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Israeli occupied West Bank has two legal systems— one for Jews, one for Palestinians

For decades, Israeli governments have publicly preferred to leave the status of the West Bank — home to nearly three million Palestinians and half a million Jewish settlers — shrouded in ambiguous terms like “administered” or “disputed” territory. But these ambiguous terms conceal a troubling reality: the West Bank is governed by a double legal regime: one for Palestinians, one for Jews.

When it comes to the rights of Palestinians, the West Bank is cast as an “enemy state,” depriving Palestinians of basic rights. When it comes to Jewish settlers, the West Bank is treated simply as “Israel.” This double legal optic is not static, but works constantly to encroach ever further on the rights and land of Palestinians.

Israel faced two recent controversies that highlighted this reality. The first concerns the unification of Palestinian families that live on opposite sides of the 1967 border; the second concerns the illegal settler outpost of Evyatar — in the northern part of the West Bank.

During the Second Intifada, an “emergency amendment” was made to Israel’s citizenship law. It declared that residents of the West Bank and Gaza may not enter Israel for the purpose of rejoining family members. This measure explicitly places the residents of the West Bank and Gaza into the same category as those entering Israel from “enemy states,” such as Iraq, Iran, Lebanon and Syria.

This law affects, among others, newly married couples. For example, if an Arab citizen of Israel living in Haifa marries a Palestinian from Ramallah, the couple has no right to live in Haifa. This “emergency measure” has been routinely extended since 2003 — until this week.

There is no similar restriction keeping Jewish settlers, who are mostly Israeli citizens, from entering and living within Israel proper. The law clearly states that this restriction does not apply to “a resident of an Israeli settlement in the region” — reflecting the fact that the settlers are treated for all purposes as living in “Israel.”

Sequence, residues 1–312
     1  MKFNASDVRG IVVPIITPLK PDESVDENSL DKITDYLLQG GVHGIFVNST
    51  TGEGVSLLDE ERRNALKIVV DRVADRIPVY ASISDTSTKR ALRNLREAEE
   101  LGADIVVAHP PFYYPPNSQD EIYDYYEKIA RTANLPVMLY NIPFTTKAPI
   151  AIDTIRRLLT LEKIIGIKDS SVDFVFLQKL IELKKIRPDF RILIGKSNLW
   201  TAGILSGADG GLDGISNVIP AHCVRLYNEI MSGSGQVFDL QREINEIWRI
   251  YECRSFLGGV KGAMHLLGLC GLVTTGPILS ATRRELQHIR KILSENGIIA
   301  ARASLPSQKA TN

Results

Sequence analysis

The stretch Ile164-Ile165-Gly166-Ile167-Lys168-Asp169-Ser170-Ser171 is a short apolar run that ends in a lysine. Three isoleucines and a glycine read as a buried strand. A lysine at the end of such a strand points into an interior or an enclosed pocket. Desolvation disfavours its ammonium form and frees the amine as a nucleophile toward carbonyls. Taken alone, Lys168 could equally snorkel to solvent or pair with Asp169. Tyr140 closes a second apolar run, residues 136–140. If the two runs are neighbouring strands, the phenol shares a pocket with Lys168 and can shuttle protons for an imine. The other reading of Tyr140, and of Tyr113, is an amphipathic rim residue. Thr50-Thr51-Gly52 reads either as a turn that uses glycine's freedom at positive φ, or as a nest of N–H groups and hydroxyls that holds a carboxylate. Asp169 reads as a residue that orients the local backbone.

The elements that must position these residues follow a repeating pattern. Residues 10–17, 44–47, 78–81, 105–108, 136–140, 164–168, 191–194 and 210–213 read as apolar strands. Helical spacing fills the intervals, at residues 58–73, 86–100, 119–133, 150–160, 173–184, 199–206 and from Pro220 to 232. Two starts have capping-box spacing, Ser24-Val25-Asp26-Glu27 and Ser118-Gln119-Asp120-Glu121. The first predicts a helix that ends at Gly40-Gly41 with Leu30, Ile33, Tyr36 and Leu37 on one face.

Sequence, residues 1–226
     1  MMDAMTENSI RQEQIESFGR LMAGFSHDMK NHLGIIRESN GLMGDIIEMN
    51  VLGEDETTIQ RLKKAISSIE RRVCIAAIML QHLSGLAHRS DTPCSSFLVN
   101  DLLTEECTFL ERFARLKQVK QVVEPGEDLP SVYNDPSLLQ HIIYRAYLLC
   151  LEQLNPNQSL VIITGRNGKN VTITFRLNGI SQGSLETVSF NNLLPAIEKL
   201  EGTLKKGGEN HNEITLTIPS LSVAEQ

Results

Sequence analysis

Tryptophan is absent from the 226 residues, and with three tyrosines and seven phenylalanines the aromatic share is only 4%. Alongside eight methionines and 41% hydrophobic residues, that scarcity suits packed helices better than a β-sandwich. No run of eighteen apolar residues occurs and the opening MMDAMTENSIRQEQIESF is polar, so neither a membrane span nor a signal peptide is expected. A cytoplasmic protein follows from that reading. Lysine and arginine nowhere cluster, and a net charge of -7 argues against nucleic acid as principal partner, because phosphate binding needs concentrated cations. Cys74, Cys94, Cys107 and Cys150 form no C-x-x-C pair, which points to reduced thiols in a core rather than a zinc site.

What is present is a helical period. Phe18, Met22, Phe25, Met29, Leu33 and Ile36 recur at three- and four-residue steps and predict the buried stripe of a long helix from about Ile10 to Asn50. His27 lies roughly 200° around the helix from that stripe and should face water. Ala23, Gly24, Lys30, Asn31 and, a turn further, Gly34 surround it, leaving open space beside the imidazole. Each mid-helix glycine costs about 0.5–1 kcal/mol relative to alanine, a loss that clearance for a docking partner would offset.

The new government strongly desired to renew the measure. The opposition, led by Likud, also supported the measure in principle, but did not wish to aid the new government in any way. As a result, the measure was defeated on Tuesday morning by a strange alliance including left and right— the Arab Joint List and the Religious Zionist Party— those who viewed the measure as racist and those who viewed it as essential for Israel’s future.

Nonetheless, due to the overwhelming support among Jewish politicians for the measure, despite the political machinations, it is clear that some alternative legislative method will be found to reinstate its provisions, perhaps in a comprehensive immigration reform bill.

Prior to Tuesday’s vote, some Likud members had declared that they might support the measure if it were linked to the legalization of unauthorized Jewish settlements in the West Bank.

This brings us to the second legal controversy of this past week, over the illegal outpost of Evyatar.